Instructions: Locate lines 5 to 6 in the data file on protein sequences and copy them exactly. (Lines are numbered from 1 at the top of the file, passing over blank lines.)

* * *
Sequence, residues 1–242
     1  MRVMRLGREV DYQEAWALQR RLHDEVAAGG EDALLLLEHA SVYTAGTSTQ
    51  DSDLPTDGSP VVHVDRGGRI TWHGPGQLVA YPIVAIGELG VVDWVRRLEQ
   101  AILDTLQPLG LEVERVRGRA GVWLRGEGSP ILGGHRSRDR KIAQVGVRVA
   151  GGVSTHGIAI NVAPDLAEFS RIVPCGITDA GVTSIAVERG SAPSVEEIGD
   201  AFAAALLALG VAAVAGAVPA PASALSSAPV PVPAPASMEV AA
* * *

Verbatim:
   151  GGVSTHGIAI NVAPDLAEFS RIVPCGITDA GVTSIAVERG SAPSVEEIGD
   201  AFAAALLALG VAAVAGAVPA PASALSSAPV PVPAPASMEV AA